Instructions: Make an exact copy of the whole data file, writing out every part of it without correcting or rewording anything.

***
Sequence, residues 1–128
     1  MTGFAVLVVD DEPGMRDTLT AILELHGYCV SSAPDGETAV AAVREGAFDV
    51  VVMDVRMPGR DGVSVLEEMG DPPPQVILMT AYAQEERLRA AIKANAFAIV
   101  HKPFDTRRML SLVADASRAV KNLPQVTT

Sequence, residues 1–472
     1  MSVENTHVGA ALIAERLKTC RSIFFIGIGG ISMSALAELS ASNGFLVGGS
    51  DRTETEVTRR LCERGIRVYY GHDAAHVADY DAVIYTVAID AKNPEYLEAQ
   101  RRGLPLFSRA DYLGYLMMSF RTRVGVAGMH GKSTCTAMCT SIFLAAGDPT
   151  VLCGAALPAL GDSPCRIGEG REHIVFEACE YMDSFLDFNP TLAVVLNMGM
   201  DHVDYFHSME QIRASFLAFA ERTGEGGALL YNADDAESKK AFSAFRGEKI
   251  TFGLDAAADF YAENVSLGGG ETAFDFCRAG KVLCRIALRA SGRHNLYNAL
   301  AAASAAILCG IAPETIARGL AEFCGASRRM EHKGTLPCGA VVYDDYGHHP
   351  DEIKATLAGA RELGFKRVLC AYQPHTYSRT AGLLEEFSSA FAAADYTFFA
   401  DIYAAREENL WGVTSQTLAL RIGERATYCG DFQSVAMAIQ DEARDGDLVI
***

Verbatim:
Sequence, residues 1–128
     1  MTGFAVLVVD DEPGMRDTLT AILELHGYCV SSAPDGETAV AAVREGAFDV
    51  VVMDVRMPGR DGVSVLEEMG DPPPQVILMT AYAQEERLRA AIKANAFAIV
   101  HKPFDTRRML SLVADASRAV KNLPQVTT

Sequence, residues 1–472
     1  MSVENTHVGA ALIAERLKTC RSIFFIGIGG ISMSALAELS ASNGFLVGGS
    51  DRTETEVTRR LCERGIRVYY GHDAAHVADY DAVIYTVAID AKNPEYLEAQ
   101  RRGLPLFSRA DYLGYLMMSF RTRVGVAGMH GKSTCTAMCT SIFLAAGDPT
   151  VLCGAALPAL GDSPCRIGEG REHIVFEACE YMDSFLDFNP TLAVVLNMGM
   201  DHVDYFHSME QIRASFLAFA ERTGEGGALL YNADDAESKK AFSAFRGEKI
   251  TFGLDAAADF YAENVSLGGG ETAFDFCRAG KVLCRIALRA SGRHNLYNAL
   301  AAASAAILCG IAPETIARGL AEFCGASRRM EHKGTLPCGA VVYDDYGHHP
   351  DEIKATLAGA RELGFKRVLC AYQPHTYSRT AGLLEEFSSA FAAADYTFFA
   401  DIYAAREENL WGVTSQTLAL RIGERATYCG DFQSVAMAIQ DEARDGDLVI